Saturday, September 8, 2007
Derek Stroup @ The Williams Club
Through our mutual friend Barry Stone, I have the good fortune to be acquainted with the artist Derek Stroup.
Derek has 3 exhibitions on view currently, at the A.M. Richard Fine Art gallery in Williamsburg, the Williams Club, & at Pace University in Westchester.
Last night I attended the opening at the Williams Club, which is in a brownstone on E. 39th St. The show is primarily digital photographs of candy & chip packages, in which the language has been removed; This emphasizes the graphic elements of the packaging, which retain some recognizeability (Lays, Ruffles, Utz - for example), yet also slide into a quasi-formal state, enlarged & stripped of language. As things, as objects, they have a great deal of beauty - but also by virtue of their mass production, their reproducibility echoed as well in the medium of photography, it is a very witty, ironic beauty. Denuded of language, as things they become oblique. Derek's artist statement includes the thought that these are "perfect objects that don't exist anywhere in the world."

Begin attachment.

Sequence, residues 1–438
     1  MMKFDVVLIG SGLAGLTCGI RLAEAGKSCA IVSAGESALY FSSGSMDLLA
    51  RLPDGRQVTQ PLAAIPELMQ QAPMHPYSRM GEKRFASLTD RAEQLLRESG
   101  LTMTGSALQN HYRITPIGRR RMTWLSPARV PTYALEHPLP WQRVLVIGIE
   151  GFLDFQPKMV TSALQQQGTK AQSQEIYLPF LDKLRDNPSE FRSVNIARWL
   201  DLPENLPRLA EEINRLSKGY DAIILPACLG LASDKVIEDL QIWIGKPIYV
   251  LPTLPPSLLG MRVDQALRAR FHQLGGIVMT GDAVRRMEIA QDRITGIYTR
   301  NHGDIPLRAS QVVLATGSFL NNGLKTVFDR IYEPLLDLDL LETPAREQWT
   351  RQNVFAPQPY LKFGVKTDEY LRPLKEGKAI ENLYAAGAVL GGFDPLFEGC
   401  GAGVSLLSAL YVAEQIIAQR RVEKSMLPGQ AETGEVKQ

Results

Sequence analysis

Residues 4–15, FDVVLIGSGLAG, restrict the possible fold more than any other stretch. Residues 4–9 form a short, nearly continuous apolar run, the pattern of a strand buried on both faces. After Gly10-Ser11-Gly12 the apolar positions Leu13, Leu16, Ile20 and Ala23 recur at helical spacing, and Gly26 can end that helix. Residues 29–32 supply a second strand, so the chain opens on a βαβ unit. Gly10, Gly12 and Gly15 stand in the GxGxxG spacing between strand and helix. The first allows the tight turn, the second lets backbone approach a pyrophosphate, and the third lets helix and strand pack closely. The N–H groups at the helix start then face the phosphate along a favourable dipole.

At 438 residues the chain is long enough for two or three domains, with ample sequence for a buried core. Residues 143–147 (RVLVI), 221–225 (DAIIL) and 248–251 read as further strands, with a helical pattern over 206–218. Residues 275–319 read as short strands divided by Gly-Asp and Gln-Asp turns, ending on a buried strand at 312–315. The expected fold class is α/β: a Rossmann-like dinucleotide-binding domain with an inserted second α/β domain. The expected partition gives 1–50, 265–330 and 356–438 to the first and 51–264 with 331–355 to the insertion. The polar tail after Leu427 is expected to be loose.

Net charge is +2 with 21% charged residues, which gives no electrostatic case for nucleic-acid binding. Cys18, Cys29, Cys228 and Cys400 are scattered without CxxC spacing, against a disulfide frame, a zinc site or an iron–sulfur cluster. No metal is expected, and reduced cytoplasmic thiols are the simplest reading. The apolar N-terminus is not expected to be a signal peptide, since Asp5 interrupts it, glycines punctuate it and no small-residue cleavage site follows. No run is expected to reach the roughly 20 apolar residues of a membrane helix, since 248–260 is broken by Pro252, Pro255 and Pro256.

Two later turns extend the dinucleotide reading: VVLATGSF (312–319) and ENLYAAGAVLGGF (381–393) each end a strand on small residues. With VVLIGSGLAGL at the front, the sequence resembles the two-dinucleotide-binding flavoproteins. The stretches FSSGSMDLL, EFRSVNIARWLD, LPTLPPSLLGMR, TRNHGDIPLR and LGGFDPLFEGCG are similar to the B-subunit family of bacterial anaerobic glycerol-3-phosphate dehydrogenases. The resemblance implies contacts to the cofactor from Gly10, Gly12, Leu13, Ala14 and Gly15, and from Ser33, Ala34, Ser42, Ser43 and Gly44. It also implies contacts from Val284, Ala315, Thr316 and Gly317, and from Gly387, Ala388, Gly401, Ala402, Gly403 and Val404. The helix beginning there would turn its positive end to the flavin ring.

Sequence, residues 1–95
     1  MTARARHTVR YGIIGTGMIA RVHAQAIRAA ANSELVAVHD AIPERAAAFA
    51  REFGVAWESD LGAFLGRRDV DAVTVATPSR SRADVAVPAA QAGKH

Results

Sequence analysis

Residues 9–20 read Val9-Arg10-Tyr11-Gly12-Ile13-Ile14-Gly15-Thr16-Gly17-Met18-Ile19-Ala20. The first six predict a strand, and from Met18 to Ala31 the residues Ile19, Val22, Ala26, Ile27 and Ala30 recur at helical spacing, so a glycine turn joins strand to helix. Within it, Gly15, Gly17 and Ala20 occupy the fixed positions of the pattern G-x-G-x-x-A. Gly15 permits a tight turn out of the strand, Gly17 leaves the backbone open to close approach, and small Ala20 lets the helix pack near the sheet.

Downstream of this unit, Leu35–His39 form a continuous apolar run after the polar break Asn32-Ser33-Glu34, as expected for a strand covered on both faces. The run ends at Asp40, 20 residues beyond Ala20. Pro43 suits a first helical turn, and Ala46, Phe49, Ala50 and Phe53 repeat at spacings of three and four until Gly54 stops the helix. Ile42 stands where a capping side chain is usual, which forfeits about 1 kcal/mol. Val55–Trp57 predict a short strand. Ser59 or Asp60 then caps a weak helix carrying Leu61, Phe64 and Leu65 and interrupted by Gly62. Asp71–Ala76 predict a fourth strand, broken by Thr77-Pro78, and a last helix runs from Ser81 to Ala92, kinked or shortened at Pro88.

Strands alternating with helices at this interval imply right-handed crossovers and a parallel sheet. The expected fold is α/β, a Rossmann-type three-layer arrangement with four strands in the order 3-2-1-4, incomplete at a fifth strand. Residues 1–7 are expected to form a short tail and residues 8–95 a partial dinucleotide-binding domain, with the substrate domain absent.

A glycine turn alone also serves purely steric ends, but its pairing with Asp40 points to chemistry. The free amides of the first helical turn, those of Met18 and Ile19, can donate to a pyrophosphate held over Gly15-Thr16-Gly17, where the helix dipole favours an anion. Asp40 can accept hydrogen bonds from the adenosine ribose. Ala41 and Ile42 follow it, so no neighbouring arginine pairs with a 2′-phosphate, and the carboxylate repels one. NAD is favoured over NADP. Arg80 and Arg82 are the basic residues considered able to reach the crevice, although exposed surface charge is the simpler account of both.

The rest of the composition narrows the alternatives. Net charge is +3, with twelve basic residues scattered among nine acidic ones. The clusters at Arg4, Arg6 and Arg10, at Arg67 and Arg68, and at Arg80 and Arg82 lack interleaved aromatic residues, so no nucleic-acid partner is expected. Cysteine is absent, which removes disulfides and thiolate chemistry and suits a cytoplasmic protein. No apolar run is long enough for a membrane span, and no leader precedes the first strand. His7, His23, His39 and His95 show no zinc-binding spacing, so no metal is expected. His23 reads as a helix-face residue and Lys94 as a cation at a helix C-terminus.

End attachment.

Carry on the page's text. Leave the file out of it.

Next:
Also included are photographs taken of roadside signs in the 1970s by a Williams College professor, Sheafe Satterthwaite, which Derek has scanned & manipulated, removing the language from the signs (billboards, gas stations) such that the signs seem to mimic minimal art in the landscape - floating bits of enigmatic forms along the roadside. These are printed small - 5x7 inches - & are very interesting as landscapes. My sense is that the photographs were not intended initially to be viewed artistically, & yet like so much vernacular work, there is a creativity, freshness & strangeness as potent as any intended Work of Art. I hate to use the word "beauty" as that seems to put an inappropriate emphasis on the aesthetic, over the analytic, & I think that Derek's work works against the aesthetic as much as it may amplify it in his methodologies. There is as much attention to thoroughly mundane, commonplace materials, to this infrastructure of the ordinary, as such. The lack of language persists as just that: what are pastoral hills or chip bags without it?